Durham Cathedral Library descends from the library of the monastery founded on Lindisfarne by St Aidan in 635. When the community left Lindisfarne in 875, the monks took with them relics of St Cuthbert, and a number of books. These probably included the famous manuscript now known as the Lindisfarne gospels. The community settled at Chester-le-Street in 883, where it continued to acquire books. In 995 it moved to Durham, where it built the 'White Church' completed in 1017.
The medieval priory library
In 1083 the Bishop of Durham, William of St Calais, founded a Benedictine priory to replace the community of secular clerks which had served the White Church and shrine of St Cuthbert, and in 1093 the foundation stone of the present cathedral was laid. William drew his first monks from the recently re-founded abbeys of Wearmouth and Jarrow. The new priory inherited books from all these predecessors, including 7th and 8th century manuscripts of Northumbrian origin, some of which are still in the Cathedral Library today. The priory gradually amassed a substantial library, including books written in its own scriptorium. Most books were housed in the Spendement off the west cloister, cupboards in the north cloister, and (from the early 15th century) a new library room above the east cloister.
The Cathedral Library after the dissolution of the monastery
After the dissolution of the monastery in 1539, the cathedral was re-founded under a dean and chapter who inherited what survived of the priory's collection of manuscripts and printed books. Further severe losses occurred in the later 16th century, including the Lindisfarne Gospels (now in the British Library; a facsimile is on display in the Cathedral Treasury). Nonetheless, over 300 manuscripts and some 60 printed books from the monastic collection still remain in the Cathedral Library today.
After almost a century of neglect, the library was reformed in the 1620's through the initiative of John Cosin and other canons. During the civil war and Interregnum it suffered less depredation and dispersal than many other cathedral libraries. After the Restoration, the former monastic refectory was restored and fitted out as a library by Dean Sudbury, and the old library room above the east cloister ceased to be used for library purposes. The book collection grew rapidly, both by purchase and gift, and by 1676 the stock had increased to almost 1000 volumes.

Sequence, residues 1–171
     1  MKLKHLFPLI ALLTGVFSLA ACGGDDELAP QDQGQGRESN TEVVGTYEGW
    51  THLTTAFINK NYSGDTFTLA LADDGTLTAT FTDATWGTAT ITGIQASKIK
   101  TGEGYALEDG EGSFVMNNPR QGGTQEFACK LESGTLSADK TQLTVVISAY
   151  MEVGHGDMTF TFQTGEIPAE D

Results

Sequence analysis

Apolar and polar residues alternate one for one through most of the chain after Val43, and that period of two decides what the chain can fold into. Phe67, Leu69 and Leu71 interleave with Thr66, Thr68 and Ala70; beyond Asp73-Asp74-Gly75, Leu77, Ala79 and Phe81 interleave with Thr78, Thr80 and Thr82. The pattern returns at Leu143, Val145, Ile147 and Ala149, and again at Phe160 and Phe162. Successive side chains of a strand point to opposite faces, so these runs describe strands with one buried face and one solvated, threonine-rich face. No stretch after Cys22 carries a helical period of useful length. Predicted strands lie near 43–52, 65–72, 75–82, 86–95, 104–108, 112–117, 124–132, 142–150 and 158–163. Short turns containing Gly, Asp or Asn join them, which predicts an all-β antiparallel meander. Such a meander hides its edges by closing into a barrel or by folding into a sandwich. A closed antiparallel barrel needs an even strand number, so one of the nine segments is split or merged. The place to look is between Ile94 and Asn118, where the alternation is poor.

The 18th century brought further substantial expansion, with less emphasis on theology and more on antiquities, history, travel, topography, and natural history. In 1742 the library received the important bequest of the music books and scores of Philip Falle, and in 1757 the Dean and Chapter bought the manuscripts (ca. 150 volumes) collected by the local antiquary Dr. Christopher Hunter, including several which had belonged to the medieval priory library.
The Library began to outgrow the Refectory. In 1849-54 the former monastic Dormitory was restored and fitted out as a library. (Looking today at this impressive room with its medieval open timber roof, it is difficult to picture its pre-1854 state. The Dormitory became derelict after the dissolution of the monastery. After the Restoration, a house for one of the canons was constructed in the southern end, while the northern end was used as a covered yard where children played and washing dried). In 1858 the Refectory was 'restored' by Anthony Salvin, who was responsible for the present windows. Between 1823 and the end of the century a number of important additional collections of local antiquaries were acquired (Allan, Longstaffe, Raine, Randall, and Sharp MSS, and, a little later, the Surtees MSS).
20th - 21st centuries
The Library's steady growth has continued, but, as alternative library provision in the region has increased, the range of subjects covered by new acquisitions has been gradually narrowed. Acquisitions are now concentrated on the cathedral itself (history, architecture, liturgy, music), its contents and collections, and the region it serves, and on major reference works and critical studies to set those topics in their wider contexts.
Major new developments in this period:
- 1930s: Durham branch of the Archdeacon Sharp Library located in the Dormitory, to provide a modern theology library for local users.
- 1958: music manuscripts and printed scores from the Bamburgh Castle Library deposited by Lord Crewe's Charity.
- 1990s: Meissen Library (German Protestant theology) established.
- Hughes, H.D., A history of Durham Cathedral Library (Durham, 1925)
- Piper, A.J., 'The libraries of the monks of Durham', in Malcolm Parkes (ed.), Medieval scribes, manuscripts and libraries. Essays presented to N.R. Ker (London, 1978), pp. 213-41
- Mynors, R.A.B., Durham cathedral manuscripts to the end of the 12th century (Oxford, 1939)
- Rud, T., Codicum Mss Ecclesiae Cathedralis Dunelmensis catalogus classicus (Durham, 1825)
- The cathedral libraries catalogue: books printed before 1701 in the libraries of the Anglican cathedrals of England and Wales, 2 vols (London, 1984-98)
- Doyle, A.I., 'The printed books of the last monks of Durham', The Library, 6th ser., 10 (1988), 203-19
- Crosby, Brian, A catalogue of Durham Cathedral music manuscripts (Oxford, 1968)
- Harman, R.A., A catalogue of the printed music at Durham Cathedral (Oxford, 1968)